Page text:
Key points

  • Divorce is widespread in the U.S. For instance, roughly 1 million American women divorced in 2019.
  • Though divorce is more costly for women than men, women are more likely to ask for a divorce. Many report greater satisfaction after divorce.
  • Female-initiated divorce may be related to mismatches between men and women in the areas of interdependence, caregiving, and mate preference.

Divorce is common. For instance, in 2019, one million American women divorced.

Though divorce is financially costly, particularly for women, the percentage of divorces initiated by women is higher than men-initiated divorces. Furthermore, a surprisingly large number of women report post-divorce life satisfaction. For an explanation of this paradox and reasons why women divorce, we turn to a recent paper by Parker and collaborators, published in the February 2022 issue of Current Opinion in Psychology.

The authors argue, using the evolutionary theory, that various mismatches between the sexes increase the likelihood of divorce. These mismatches are detailed below. (Note, most of what follows applies to divorces initiated by women in heterosexual relationships in Western countries.)

Good genes, deep pockets, and other mismatches in mate preference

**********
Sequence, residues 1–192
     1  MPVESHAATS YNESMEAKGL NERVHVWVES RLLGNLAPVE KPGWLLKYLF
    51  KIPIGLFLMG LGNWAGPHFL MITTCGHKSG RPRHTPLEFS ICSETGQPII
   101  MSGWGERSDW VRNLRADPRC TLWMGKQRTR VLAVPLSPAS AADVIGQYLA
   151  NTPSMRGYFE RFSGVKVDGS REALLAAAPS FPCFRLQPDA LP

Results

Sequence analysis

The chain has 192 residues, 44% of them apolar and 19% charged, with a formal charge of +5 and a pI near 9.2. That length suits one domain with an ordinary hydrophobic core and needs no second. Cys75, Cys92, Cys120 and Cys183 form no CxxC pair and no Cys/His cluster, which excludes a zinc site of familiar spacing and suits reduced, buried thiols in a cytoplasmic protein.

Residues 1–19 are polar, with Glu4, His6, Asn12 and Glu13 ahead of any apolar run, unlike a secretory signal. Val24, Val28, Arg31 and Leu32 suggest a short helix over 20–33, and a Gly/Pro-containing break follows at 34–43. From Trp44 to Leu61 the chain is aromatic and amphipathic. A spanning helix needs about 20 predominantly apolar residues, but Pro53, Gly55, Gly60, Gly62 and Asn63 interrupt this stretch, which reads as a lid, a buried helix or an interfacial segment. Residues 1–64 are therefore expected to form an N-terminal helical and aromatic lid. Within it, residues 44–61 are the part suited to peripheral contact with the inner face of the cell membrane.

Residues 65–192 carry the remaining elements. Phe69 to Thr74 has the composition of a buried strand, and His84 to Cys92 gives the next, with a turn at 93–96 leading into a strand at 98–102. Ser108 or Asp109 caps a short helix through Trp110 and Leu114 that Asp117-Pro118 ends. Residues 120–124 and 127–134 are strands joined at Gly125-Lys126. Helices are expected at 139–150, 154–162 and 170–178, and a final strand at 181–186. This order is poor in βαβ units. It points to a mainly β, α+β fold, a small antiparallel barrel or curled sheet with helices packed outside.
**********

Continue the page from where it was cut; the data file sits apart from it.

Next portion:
When it comes to mate selection, women value characteristics such as masculinity, facial symmetry, attractiveness, and social dominance. Quite a few of these characteristics signal good genes. For example, they correlate with health and physical strength, which are attributes that increase survival and reproductive success.

Why might a desire for genetically superior men result in mate preference mismatch? Because men with good genes are usually more interested in short-term relationships and do not make the best long-term partners (e.g., are less resourceful). So, women, especially those able to financially support themselves, may not feel motivated to stay in a relationship with such men.

Another mismatch concerns financial resources: Not only do women desire physically healthy and attractive romantic partners, but they also often desire resourceful mates (i.e. rich and successful men).

Mating preferences concerning money and resources might have an evolutionary explanation—e.g., women’s need to rely on men capable of providing for them during pregnancy and breastfeeding, which are periods of high energy expenditure and low mobility.

Though these mating preferences have not changed, society has changed drastically. Fewer women need to depend on men; indeed, an increasing number of women outearn their husbands.

This presents a problem, however, for women desiring a partner who is wealthy and is professionally more successful than they are. It may also result in relationship dissatisfaction for married women who, over time, begin to earn more than their husbands and achieve a higher status.

Caregiving and interdependence mismatch

Contemporary romantic relationships are characterized by lower levels of interdependence than they used to be. Again, this is partly related to women earning more than they once did. Nowadays, women are less willing to sacrifice their own happiness and well-being just to make their romantic partner happy. Indeed, an increasing number of women have the power to threaten or actually walk away if their romantic partner does not change his behavior.